Central Criminal Court Act 1856
The Central Criminal Court Act 1856 (19 & 20 Vict., c.16), originally known as the Trial of Offences Act 1856 and popularly known as Palmer's Act, was an Act of the Parliament of the United Kingdom. The Act allowed a crime committed outside London to be tried at the Central Criminal Court, the Old Bailey, rather than locally.
The Act was passed in direct and urgent response to anxieties that doctor and accused murderer William Palmer would not be able to have a fair trial in his native Staffordshire owing to public revulsion at the allegations. By conducting Palmer's trial at a neutral venue, there could be no appeal for a retrial on the basis that the court and jury had been prejudiced against the defendant.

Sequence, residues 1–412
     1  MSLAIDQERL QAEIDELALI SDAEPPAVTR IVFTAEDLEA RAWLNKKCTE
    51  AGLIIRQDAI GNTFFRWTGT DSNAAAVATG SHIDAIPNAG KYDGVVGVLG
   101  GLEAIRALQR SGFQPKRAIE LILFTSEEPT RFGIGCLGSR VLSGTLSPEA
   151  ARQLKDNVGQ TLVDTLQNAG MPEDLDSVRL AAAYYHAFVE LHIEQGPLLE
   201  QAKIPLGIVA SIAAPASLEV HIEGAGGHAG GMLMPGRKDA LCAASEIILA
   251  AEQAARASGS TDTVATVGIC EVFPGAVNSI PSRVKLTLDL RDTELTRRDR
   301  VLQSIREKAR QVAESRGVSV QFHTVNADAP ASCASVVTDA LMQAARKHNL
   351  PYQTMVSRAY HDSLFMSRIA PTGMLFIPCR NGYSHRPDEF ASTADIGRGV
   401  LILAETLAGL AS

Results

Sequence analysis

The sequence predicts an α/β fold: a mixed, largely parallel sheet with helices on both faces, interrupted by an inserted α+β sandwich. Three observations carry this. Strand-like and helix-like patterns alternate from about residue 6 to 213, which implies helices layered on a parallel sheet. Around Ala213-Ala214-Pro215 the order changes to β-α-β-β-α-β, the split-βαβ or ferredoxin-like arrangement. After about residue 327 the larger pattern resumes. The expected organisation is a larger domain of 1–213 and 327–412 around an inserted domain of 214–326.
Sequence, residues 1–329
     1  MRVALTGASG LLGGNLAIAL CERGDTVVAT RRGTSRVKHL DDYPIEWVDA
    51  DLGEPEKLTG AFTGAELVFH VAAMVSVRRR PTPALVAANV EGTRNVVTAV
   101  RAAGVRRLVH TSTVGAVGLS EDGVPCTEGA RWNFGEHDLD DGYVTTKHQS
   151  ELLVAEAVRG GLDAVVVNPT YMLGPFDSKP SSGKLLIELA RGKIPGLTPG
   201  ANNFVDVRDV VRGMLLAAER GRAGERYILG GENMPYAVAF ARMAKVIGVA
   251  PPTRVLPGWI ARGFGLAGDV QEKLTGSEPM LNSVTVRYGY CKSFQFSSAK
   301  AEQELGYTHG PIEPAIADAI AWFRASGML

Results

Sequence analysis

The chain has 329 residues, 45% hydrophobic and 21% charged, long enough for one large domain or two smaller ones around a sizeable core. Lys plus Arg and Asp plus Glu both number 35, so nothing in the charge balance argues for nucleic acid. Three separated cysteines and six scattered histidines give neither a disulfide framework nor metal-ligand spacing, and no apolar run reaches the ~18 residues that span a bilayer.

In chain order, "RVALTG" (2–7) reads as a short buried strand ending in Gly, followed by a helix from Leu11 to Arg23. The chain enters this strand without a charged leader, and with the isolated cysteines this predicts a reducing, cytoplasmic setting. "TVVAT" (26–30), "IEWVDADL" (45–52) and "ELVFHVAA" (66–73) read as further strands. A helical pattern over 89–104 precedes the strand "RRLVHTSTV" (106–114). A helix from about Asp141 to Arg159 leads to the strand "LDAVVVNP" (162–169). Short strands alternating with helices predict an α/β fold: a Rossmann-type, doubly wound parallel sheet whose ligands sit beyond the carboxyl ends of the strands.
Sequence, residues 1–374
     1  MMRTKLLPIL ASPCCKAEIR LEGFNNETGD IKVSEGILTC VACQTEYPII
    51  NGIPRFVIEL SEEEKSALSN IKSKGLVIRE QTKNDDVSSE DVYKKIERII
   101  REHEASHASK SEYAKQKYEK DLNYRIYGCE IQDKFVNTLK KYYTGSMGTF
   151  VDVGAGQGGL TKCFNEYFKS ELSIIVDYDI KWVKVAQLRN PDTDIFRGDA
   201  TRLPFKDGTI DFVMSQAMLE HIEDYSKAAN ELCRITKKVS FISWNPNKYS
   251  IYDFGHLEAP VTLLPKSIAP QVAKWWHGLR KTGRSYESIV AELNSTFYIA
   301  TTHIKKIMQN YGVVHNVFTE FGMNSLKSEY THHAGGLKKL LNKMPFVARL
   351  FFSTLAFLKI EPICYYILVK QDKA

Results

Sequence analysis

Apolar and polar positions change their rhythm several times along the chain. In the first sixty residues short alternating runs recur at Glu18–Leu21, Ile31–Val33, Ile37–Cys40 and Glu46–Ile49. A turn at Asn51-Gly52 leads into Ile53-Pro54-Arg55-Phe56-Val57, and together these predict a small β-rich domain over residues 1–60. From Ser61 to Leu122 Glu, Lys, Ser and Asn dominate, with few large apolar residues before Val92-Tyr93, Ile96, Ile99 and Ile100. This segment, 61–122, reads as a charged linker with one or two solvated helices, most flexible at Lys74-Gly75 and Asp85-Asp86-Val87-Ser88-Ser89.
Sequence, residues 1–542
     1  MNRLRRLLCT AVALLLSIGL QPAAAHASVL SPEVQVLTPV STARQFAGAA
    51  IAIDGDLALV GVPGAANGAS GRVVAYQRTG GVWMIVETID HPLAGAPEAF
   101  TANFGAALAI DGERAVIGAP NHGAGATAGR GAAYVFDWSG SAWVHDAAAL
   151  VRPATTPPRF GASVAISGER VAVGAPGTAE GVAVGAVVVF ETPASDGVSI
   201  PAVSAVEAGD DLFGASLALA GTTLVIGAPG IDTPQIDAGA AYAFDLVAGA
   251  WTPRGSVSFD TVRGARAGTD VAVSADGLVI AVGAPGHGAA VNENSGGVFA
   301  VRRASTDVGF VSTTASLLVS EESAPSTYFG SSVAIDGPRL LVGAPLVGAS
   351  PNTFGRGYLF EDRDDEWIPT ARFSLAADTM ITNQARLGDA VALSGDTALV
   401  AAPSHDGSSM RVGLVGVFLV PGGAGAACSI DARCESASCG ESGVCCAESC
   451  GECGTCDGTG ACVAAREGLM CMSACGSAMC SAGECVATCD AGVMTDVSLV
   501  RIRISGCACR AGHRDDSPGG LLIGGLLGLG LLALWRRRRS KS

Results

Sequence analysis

- Knott (1912) p.12
- Davenport-Hines, R. (2004) "Palmer, William [ the Rugeley Poisoner] (1824–1856)", Oxford Dictionary of National Biography, Oxford University Press, accessed 20 July 2007 (subscription required)
- Knott, G. H. (1912). The Trial of William Palmer (Notable English Trials ed.). Edinburgh: William Hodge & Co.<templatestyles src="Module:Citation/CS1/styles.css"></templatestyles>